The passage of a kidney stone is often described as one of the most painful experiences one can endure; possibly even more so than childbirth. In addition, stones that do not pass can lead to blockage of the kidney, risking loss of organ function if left untreated. Most seriously, a urine infection in this setting can be life-threatening and constitutes a medical emergency.
In addition, patients lose a tremendous amount of time away from their jobs, significantly impacting their earning potential.
Luckily, with appropriate, modern treatment, the success rate of timely intervention is quite high, approaching 95 to 100 per cent.
SYMPTOMS OF URINARY STONES Many stones may remain silent until they grow to block the urinary system. The patient may complain of severe back or groin pain; they may have burning on urination or see blood in the urine. Nausea and vomiting are common, and fever and chills with pain are signs to take seriously, as they most commonly indicate an infection. A medical evaluation is essential if any of these are experienced. An X-ray, ultrasound or CT scan may be ordered by the physician to confirm the diagnosis and plan intervention.
MANAGEMENT OPTIONS The modern approach to urinary stone disease is centred around non- and minimallyinvasive procedures; that is, surgery without a large, painful incision (or ‘cut’ to the body). To this end, the use of scopes and camera systems that offer an internal view into the organs of the patient is incorporated. Then, utilising energy sources such as lasers, ultrasound and shock waves, the stones are broken up and can then be removed or passed painlessly. These approaches can be applied to stones of all sizes and complexities, resulting in faster recovery times (most times patients are back to work the next day), with almost no pain experienced after surgery, and far higher successful stone-removal rates compared to open surgery. In addition, the complication rates are far lower with these techniques.
IS SURGERY ALWAYS NECESSARY? The probability of a stone passing without any intervention is highly dependent on its size and location.
Small stones less than one cm may remain silent and cause no trouble. However, the probability that these stones progress to cause pain or obstruction is around 75 per cent. Larger stones are highly likely to produce complications, and should be actively treated rather than observed.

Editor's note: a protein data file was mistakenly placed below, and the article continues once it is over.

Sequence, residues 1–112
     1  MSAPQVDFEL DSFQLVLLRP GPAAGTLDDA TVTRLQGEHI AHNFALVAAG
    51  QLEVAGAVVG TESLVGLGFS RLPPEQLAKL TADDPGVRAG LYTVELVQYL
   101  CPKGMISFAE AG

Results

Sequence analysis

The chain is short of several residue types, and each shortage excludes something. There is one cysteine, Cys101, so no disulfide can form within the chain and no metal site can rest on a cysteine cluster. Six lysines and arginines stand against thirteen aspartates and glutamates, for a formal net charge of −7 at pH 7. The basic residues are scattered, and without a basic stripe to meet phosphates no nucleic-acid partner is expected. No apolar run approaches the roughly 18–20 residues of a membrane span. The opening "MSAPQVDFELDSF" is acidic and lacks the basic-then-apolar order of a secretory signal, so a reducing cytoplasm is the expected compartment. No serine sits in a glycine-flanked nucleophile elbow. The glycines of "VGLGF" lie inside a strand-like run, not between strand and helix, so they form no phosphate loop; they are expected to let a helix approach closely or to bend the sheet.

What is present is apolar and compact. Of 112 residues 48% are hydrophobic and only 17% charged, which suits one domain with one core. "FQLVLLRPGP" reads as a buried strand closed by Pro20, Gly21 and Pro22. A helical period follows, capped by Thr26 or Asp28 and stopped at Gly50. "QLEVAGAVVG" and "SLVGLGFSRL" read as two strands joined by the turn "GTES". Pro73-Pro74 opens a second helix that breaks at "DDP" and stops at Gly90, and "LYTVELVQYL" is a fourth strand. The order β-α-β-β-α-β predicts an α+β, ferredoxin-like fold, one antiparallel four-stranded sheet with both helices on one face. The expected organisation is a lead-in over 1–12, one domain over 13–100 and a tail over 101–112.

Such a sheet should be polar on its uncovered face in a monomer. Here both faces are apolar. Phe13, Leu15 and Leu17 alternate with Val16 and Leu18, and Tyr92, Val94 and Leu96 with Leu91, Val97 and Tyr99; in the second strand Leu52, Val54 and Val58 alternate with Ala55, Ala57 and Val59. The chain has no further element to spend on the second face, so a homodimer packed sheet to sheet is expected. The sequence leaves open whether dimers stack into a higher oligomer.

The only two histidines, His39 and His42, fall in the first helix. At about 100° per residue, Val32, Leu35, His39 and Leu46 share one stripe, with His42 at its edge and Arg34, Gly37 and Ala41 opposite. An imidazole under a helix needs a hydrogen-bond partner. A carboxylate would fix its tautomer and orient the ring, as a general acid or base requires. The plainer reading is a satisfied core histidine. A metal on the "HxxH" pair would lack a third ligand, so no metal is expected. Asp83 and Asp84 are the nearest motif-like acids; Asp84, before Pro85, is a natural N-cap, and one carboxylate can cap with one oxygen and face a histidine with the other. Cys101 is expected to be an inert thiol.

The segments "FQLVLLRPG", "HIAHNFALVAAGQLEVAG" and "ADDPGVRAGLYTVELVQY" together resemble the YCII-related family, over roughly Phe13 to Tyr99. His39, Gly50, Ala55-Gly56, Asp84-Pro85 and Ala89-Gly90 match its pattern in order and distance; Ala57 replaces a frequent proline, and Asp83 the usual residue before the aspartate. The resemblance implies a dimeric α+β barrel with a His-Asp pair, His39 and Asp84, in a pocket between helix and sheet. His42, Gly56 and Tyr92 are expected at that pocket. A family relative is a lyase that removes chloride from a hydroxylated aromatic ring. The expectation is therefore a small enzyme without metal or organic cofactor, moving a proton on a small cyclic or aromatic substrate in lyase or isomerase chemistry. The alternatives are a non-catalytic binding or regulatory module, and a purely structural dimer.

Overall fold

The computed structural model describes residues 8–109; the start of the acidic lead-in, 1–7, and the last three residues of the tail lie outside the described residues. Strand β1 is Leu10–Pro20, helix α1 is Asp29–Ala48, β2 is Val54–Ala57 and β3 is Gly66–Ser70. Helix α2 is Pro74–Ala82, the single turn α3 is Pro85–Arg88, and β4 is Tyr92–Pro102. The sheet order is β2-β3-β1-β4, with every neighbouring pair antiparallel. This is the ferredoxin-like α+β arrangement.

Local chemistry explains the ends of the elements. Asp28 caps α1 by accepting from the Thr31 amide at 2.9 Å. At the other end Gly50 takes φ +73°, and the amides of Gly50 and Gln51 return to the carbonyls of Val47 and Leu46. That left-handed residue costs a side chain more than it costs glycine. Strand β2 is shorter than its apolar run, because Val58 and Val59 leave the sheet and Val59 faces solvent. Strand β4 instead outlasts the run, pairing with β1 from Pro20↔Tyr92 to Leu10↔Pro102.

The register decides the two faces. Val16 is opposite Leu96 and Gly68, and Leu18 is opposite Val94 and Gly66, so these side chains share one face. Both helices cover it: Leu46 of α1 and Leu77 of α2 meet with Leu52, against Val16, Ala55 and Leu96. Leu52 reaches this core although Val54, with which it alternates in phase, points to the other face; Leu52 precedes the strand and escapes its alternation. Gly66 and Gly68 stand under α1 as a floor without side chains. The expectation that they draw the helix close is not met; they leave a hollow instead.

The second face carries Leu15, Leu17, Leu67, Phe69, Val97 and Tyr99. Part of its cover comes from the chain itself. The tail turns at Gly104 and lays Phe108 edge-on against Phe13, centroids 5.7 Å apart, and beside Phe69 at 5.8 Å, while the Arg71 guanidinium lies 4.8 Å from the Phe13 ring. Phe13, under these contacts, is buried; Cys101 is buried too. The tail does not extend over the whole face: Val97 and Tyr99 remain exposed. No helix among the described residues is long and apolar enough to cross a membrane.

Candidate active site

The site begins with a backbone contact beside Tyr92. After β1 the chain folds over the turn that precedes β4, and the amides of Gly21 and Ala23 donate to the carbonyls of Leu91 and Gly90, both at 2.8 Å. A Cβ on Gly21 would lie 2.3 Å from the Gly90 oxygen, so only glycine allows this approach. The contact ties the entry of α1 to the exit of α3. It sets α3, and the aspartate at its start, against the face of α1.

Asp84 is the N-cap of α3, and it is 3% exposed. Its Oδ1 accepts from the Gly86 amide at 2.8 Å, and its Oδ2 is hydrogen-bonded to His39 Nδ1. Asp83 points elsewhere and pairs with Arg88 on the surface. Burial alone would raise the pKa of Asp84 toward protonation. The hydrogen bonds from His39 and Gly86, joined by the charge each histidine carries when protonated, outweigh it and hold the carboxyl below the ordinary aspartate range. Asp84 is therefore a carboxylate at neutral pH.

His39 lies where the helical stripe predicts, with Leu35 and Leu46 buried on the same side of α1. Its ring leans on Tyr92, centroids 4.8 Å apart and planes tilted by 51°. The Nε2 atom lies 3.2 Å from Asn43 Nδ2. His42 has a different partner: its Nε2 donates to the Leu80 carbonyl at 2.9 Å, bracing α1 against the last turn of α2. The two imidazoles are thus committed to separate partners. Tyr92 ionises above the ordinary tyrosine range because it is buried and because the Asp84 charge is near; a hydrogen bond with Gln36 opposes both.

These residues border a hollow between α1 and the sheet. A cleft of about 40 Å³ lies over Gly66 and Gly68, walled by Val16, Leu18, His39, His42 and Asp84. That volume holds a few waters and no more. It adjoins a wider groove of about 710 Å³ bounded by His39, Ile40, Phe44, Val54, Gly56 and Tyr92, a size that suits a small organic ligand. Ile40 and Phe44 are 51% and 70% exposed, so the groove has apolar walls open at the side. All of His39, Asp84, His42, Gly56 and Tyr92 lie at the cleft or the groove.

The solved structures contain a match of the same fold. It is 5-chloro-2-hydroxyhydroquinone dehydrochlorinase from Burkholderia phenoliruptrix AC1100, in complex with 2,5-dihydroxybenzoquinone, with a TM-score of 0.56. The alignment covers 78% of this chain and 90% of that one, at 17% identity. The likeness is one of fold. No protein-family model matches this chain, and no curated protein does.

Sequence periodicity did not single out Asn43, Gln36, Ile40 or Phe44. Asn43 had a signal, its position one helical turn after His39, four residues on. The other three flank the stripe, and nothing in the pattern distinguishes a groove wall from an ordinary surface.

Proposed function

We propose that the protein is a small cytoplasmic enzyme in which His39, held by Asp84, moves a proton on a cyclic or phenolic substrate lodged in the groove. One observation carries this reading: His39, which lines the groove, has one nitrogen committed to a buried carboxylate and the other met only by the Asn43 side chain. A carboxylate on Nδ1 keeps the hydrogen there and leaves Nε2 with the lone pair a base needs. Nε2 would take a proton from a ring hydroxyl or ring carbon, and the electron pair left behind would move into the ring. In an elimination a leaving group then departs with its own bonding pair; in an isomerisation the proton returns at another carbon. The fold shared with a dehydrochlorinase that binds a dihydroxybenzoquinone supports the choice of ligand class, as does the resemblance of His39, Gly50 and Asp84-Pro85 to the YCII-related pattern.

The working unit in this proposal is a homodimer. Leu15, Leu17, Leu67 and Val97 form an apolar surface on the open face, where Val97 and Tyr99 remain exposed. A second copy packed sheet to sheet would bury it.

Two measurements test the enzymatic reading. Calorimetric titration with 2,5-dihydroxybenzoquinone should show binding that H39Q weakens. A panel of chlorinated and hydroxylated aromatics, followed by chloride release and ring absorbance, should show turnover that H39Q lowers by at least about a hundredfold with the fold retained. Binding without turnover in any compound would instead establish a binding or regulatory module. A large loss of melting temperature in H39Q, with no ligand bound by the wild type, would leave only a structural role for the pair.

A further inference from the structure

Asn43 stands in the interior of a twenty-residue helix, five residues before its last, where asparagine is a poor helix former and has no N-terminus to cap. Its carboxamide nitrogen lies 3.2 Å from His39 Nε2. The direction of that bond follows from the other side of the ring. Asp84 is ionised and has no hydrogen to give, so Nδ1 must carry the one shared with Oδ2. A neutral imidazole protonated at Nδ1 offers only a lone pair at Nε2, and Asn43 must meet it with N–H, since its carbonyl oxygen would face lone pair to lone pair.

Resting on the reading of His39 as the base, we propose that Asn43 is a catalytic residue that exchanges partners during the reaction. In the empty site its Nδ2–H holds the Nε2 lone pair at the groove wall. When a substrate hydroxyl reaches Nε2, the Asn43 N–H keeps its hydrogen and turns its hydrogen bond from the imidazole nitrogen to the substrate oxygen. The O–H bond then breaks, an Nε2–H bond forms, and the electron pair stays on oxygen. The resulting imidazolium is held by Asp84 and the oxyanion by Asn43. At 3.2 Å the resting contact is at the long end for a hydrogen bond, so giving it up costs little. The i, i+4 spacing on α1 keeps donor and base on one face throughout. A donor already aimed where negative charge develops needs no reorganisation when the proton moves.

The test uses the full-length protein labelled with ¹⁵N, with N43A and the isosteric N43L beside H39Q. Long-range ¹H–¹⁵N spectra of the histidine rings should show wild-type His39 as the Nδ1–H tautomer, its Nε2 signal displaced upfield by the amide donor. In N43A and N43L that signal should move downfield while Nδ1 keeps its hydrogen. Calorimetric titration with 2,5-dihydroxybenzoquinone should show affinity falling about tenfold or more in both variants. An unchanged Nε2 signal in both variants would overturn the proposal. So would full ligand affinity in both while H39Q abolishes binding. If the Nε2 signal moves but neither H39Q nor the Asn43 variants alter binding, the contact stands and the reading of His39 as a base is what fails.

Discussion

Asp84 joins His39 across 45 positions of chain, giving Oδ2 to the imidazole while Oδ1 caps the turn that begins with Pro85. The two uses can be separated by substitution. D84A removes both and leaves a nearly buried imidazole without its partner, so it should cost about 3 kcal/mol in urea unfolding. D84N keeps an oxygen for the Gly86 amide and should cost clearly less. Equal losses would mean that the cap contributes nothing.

There are specific situations in which surgery is absolutely mandatory, in which it would be a great hazard to health and life should surgical intervention not be executed. In particular, a urinary tract infection (associated with burning with urinating, feeling generally unwell or weak, or a fever), impairment of kidney function, or a high level of obstruction seen on imaging, demand emergency intervention.
DIETARY AND LIFESTYLE CHANGES Once someone has had a urinary tract stone, they will always be at risk of forming a stone again. The lifetime risk of stone recurrence is approximately 50 per cent. However, there are dietary and lifestyle alterations that decrease one’s chances of having stones again in the future. Obesity is a significant risk factor, and losing weight is associated with decreased chances of stone formation.
A minimum daily intake of water of two litres is recommended. In addition, salt intake should be reduced, especially by decreasing preserved food products which are high in sodium. Citrate has a protective effect on stone formation; it is recommended that stone formers squeeze fresh lemon juice, which is high in this chemical, into their water on a daily basis.
More specific dietary advice comes from analysis of the stone fragments obtained during surgery.
AN EXCITING TIME IN STONE SURGERY Never before has it been easier, safer and more convenient to have urinary stones treated. With the wide array of surgeries available, specifically tailored to each individual stone and patient, the heavy impact of stone disease can been softened.
Dr Reaud Gafoor, MBBS, DM (Urology), is a fellow trained in endourology and renal transplant surgery. He is an associate lecturer at The University of the West Indies. Email: [email protected]